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Official end to the COVID-19 public health emergency does not cure the crisis for children

Children’s health, education and protection must be given greater priority by governments globally with the official end to the COVID-19 global emergency. 
04 May 2023

Children’s health, education and protection must be given greater priority by governments globally with the official end to the COVID-19 global emergency not altering the fact that an estimated 100 million additional children were driven into poverty, and 1.5 billion had their education disrupted, Save the Children said. 

Dr Zaeem Haq, Global Medical Director at Save the Children, said the World Health Organisation’s announcement that it will no longer consider COVID-19 a public health emergency of international concern was a “crucial milestone”, but it did not eradicate the greater challenges now facing millions of children worldwide.  

“Over the past three years, COVID-19 turned children’s lives upside down – denying them access to education, health and protection – widening global inequality and driving an estimated 100 million additional children into poverty, but while COVID-19 is no longer officially considered a ' public health emergency of international concern’, the virus is here to stay. Many vulnerable communities around the world remain unvaccinated, raising the risk of death and ill health, and hundreds of millions of children are still facing the effects of the pandemic every day and will likely continue to do so for years to come.  

“COVID-19 and the resulting lockdowns, global economic shutdown and disruption to services brought on an unprecedented crisis for children, putting their physical and mental health, education, protection and economic wellbeing in jeopardy. This, combined with the effects of conflicts and the climate crisis, exacerbated existing inequalities and hit the most marginalised children the hardest. An estimated 100 million additional children were driven into poverty [i] and the risk of hunger increased worldwide. Over 1.5 billion children had their education disrupted, and children suffered an increase in violence when schools were closed [ii]. An estimated 10.5 million children lost a parent or caregiver to COVID-19 [iii], and the pandemic unleashed a global mental health crisis, with 83% of children reporting an increase in negative feelings as a result [iv].

“Without urgent global action, years of progress for children will be permanently reversed, putting the United Nations’ 2030 Sustainable Development Goals beyond reach. It is vital that all governments prioritise and invest in children’s physical and mental health, nutrition, wellbeing, protection and learning and commit to invest in early outbreak detection systems and robust pandemic preparedness, strengthen health systems and ensure universal access to healthcare.  

“The announcement by the WHO serve as a stark reminder that we live in a highly unequal world, one that is failing to protect children and their rights. Global leaders must work together to prioritise and finance the work that must be done.”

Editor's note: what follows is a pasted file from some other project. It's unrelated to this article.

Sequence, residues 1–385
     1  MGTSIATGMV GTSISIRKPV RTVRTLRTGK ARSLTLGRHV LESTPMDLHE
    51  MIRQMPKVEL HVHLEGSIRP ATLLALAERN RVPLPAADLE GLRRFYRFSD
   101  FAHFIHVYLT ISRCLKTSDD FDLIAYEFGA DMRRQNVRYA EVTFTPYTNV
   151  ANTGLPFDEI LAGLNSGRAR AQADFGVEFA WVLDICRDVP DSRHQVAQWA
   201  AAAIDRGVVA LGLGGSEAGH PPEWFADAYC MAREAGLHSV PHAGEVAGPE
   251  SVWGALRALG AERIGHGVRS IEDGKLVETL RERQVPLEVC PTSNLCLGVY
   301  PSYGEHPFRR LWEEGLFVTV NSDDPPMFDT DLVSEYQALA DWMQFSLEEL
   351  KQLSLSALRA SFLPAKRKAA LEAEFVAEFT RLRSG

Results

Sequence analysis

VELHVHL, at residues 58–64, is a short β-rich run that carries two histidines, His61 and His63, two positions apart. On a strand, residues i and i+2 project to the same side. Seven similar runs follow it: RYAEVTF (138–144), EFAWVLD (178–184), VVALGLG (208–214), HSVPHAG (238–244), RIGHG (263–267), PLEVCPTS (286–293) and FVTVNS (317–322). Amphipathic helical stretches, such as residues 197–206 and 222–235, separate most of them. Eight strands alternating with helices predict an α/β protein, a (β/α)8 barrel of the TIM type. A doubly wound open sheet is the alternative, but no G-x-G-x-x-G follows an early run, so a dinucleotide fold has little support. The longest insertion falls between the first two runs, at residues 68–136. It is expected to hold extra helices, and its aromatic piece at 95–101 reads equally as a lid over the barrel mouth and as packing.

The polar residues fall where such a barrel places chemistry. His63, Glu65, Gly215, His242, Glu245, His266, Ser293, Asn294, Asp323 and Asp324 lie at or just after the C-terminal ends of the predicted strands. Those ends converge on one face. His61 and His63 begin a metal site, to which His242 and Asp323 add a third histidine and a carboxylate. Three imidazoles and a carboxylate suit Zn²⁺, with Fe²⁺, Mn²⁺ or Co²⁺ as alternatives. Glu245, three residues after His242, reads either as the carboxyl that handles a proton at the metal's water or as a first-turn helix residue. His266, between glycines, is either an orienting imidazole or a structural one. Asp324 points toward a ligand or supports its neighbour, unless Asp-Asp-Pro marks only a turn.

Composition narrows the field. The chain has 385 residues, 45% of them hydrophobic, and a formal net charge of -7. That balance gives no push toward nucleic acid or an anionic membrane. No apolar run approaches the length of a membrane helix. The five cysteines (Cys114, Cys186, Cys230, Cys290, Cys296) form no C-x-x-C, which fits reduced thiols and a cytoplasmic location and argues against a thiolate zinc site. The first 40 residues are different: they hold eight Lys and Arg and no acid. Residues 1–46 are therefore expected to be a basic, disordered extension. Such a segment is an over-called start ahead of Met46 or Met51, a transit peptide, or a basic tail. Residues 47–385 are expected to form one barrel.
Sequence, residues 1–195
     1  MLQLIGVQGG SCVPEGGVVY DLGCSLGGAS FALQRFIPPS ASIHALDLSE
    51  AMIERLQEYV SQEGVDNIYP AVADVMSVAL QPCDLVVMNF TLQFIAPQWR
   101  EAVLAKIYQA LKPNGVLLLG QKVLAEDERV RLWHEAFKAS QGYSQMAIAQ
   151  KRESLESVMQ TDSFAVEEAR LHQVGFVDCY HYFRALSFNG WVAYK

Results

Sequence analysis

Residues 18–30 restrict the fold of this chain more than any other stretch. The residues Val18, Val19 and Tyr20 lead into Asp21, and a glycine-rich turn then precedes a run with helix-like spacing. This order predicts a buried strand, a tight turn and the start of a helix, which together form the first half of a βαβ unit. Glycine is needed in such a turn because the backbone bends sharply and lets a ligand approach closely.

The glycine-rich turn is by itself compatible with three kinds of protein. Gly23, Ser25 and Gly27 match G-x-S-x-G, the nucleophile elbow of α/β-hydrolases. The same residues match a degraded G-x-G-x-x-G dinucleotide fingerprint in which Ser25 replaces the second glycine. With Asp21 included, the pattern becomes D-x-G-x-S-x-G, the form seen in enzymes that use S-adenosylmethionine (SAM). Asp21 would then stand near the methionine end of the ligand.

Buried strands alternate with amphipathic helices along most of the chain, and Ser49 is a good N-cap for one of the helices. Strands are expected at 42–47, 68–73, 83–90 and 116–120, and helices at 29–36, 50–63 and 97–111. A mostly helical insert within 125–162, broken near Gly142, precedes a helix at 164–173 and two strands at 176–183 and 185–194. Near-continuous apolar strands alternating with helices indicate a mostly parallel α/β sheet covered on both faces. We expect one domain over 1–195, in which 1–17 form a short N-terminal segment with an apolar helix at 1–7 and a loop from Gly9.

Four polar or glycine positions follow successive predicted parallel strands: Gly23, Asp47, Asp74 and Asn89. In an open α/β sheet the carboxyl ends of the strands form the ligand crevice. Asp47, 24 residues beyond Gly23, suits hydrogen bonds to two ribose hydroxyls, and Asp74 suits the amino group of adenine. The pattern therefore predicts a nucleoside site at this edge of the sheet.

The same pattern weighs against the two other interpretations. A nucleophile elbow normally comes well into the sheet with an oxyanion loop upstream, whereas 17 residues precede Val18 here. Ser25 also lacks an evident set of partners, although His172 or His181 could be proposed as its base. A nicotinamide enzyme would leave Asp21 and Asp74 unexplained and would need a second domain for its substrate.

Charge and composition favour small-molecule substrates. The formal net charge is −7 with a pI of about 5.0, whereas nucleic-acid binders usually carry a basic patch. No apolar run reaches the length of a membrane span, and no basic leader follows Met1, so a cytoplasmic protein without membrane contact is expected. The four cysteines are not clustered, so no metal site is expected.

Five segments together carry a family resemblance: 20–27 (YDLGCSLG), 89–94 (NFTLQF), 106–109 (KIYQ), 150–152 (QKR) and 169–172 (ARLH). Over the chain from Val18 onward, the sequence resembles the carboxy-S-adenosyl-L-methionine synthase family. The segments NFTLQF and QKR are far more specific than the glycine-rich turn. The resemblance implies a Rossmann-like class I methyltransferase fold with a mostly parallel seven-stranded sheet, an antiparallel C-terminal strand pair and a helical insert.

MEDIA CONTACT: Mala Darmadi on 0425562113 or


[i] Two years into the pandemic, an estimated 100 million additional children had been driven into poverty – a 10% increase compared to pre-COVID-19, according to data from 2021 analysed by UNICEF and Save the Children. This spike means that as of 2021, a projected 1.1 billion children were living in multi-dimensional poverty, which includes severe deprivation of their education, health, housing, nutrition, or water and sanitation.  
[ii] In a 2020 Save the Children survey of 25,000 people across 37 countries, children reported higher rates of violence when schools were closed compared to when attending class in person.   
[iii] About 10.5 million children worldwide experienced COVID-19–associated loss of parents and caregivers through May 1, 2022, according to estimates based on World Health Organization (WHO) data.  
[iv] A survey of over 13,000 children in 46 countries carried out by Save the Children in September 2020 found that 83% of children reported an increase in negative feelings due to the pandemic. Reports of negative feelings were far higher for the vast majority of children (96%) when schools had been closed for 17 to 19 weeks. 


At the height of the pandemic in 2020, Save the Children supported 11.8 million children through our response. Around the world, our teams distributed hygiene materials to help children and their families protect themselves from COVID-19, and we helped 1 million families access safe water. 

Our Protect a Generation Report raised the voices of children and their families – and reveals the pandemic widened existing inequalities, with girls and poorer children being hardest hit.  Globally, we provided 626,000 children and adults with mental health and psychological support during the pandemic.   

We launched our Save our Education campaign which called on governments to keep learning alive for children during lockdowns with accessible distance learning, ensure every child returns to school when it’s safe, and to build better education systems for the future. We helped 3.5 million children access distance learning and supported 54 countries in adapting their curriculums to COVID-19. 

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